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JUNE 2015 ISSUE OF CMM MAILED OUT TO ALL SUBSCRIBERS FRIDAY, MAY 29...
2015 ISSUE: OUR 26th year of publication, CMM is changing, becoming bigger,
bolder, brighter, now MORE PAGES, FULL COLOUR THROUGHOUT - and the 2015 Almanac,
the 'bible' for enthusiasts is here!
Subscribe now and you can get Britain's most comprehensive events booklet - the 2015 Almanac - from only £1.50 extra*; a genuine bargain for this essential publication! For more details on this super diary - worth up to £9.95 plus p&p alone, click here. As usual, in our latest issue - in the year where we celebrate our 26th Year of Publication - we've a run down on all that's best in the classic car world! In the May issue, On Your Marques looks at how the Bedford Enthusiasts Club gave one WW2 veteran a treat, plus a world records for MG fans and more. Magpie looks at how they do things differently in the USA, and in the Spannerman column the old boy talks about Spannerman & The Counterpart. Plus, our column by former National Motor Museum Curator, Michael Ware while Peter Love gives us another Love Steam and Commercial Break. There are news snippets galore, our Letters column, and our look at the world of the autojumbling with The Secret Autjumbler, and we have loads of show previews and more. We check out the big upcoming events, with a preview of the NEC Restoration Show, we take a look at the NEC Restoration Show, the best Spring Malvern yet, Amberley's superb classic display and more. Landers Lobby discusses Road Tax Confusion, we have news of the Donington Historic and Spring Beaulieu, there are more Tales From The Lock Man another of Fordie's Favourites, and lots more. Look out for all the news and snippets; no better time than now to think about that subscription than the May issue!!
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ROAD TAX CONFUSION...
FRIEND OF MINE HAS JUST BOUGHT
himself a secondhand car. Not a classic (well, not yet; indeed, perhaps
not ever). But it was too good to miss: a low mileage, one-elderly-owner
example that has spent most of its 17-year life tucked up in a dry, warm
HAD PLENTY TO TALK ABOUT
down at the Chequered Flag – there is an election coming up after
all! To get away from such thoughts, it’s straight BACK TO BASICS.
It was last month’s mention of diesel fumes that got our minds onto the topic of the dangers of poisonous fumes produced by the internal combustion engine, and we were thinking about why we need to have an exhaust system fitted to a car’s engine. The very first reason is to take those fumes well away from the passengers.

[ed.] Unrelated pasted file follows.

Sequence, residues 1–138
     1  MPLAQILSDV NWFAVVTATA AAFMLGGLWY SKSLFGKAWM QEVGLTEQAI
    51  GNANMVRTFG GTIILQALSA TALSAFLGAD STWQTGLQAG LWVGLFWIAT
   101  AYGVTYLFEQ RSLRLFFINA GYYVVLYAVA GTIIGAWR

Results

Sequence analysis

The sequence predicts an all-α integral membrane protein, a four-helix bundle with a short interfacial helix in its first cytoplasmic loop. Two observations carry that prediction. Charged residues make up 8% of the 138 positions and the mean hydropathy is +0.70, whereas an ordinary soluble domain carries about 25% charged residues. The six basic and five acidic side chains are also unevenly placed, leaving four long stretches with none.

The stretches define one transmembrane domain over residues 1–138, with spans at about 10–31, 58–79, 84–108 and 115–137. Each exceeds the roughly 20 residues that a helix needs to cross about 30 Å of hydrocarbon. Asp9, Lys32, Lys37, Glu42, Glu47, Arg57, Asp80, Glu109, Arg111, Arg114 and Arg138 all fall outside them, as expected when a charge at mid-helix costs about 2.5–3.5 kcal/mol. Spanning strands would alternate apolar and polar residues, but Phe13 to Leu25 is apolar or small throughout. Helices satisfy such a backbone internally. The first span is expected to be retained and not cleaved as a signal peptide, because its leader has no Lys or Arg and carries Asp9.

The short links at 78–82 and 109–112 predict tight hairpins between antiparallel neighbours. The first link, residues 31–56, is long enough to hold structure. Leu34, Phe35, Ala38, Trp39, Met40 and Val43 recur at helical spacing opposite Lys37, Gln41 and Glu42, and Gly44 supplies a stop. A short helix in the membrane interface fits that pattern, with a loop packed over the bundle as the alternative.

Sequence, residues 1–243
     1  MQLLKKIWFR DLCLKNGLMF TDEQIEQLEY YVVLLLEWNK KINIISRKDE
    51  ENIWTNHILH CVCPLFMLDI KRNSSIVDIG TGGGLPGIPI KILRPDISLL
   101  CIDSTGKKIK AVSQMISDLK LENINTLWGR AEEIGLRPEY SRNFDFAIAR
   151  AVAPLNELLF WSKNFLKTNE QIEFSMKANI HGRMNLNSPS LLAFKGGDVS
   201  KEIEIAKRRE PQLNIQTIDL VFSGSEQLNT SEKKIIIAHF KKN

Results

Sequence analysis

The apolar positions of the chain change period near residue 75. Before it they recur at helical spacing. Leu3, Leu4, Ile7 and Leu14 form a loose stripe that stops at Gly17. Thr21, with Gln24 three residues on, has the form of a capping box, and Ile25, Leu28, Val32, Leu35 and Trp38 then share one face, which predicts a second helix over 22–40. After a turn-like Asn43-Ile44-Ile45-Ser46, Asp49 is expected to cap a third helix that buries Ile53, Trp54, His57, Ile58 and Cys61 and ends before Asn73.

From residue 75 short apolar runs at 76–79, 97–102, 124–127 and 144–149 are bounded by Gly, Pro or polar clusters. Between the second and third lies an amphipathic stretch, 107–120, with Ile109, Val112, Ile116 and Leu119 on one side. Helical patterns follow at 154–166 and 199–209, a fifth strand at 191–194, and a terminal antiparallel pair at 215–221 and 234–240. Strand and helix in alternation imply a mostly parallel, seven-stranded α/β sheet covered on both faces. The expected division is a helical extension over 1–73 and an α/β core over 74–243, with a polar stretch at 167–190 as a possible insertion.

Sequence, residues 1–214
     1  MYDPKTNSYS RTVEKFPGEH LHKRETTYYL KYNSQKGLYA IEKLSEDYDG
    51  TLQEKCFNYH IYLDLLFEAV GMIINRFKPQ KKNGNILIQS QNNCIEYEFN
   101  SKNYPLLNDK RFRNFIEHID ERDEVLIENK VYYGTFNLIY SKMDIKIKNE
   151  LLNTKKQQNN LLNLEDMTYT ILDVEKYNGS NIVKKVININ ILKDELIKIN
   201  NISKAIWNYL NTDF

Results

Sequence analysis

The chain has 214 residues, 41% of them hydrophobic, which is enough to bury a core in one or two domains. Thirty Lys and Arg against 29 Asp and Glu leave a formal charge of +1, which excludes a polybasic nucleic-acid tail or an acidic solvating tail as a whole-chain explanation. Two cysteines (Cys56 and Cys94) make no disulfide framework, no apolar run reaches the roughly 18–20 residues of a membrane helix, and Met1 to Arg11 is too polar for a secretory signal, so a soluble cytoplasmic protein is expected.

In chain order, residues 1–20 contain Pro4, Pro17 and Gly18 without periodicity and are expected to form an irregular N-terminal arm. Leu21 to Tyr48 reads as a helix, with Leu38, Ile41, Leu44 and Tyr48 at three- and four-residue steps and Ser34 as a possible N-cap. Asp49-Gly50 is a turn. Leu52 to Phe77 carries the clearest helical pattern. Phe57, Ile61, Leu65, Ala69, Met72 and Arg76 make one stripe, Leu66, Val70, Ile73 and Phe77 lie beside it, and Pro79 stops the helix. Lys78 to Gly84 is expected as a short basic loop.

This is obviously even more important on a convertible car. That aside, the exhaust system also carries out the dual role of acting as a silencer system. And it’s here that it becomes obvious that a conflict arises when an exhaust system designer sets about his or her task.
As each combustion chamber empties its gases after they’ve been burnt, these gases are discharged into the exhaust port in the cylinder head and onwards into the exhaust manifold. To help the efficient running of the engine, each of these exhaust gas pulses must be carried away from the engine as quickly as possible so that there is room for subsequent pulses to leave and hence always room for the incoming unburnt gases to enter the combustion chamber. The manifold must be designed so that the pulses from the different cylinders flow smoothly together. Any slowing or disruption of the exhaust pulses causes a back pressure to develop in the engine and hence the maximum power is not achieved. But exhaust noise is caused by these gases, and the faster the speed of the gases, the louder the noise. If the noise were not a consideration, an exhaust system would consist of a series of pipes, with the length of each pipe finely balanced to help the gas speed. So the job of the exhaust system is to achieve the balance between power and noise.
Three types of silencer box are generally used. The first, less common, type is the expansion chamber. This works by allowing the gases to expand into a large, empty box. As the gases expand, they slow down, and hence are quieter. But of course, not many cars have room for a large box underneath their floorpan. So the second and third type are much more common. These are the baffled silencer and the absorption silencer. The baffled silencer works by making the exhaust gases flow over and around a series of baffles or metal plates set within the silencer. The route taken by the gases is a slow one compared to its passage along a straight pipe, and therefore the noise output is reduced. The absorption silencer consists of a central perforated tube surrounded by absorption material packed into the silencer body. As the gases travel along the tube, the sound waves pass through the perforations and are absorbed into the packing. This type of silencer is often also called a “straight through” silencer. We’ll carry on looking at exhausts next month when we’ll consider why an exhaust system might fail.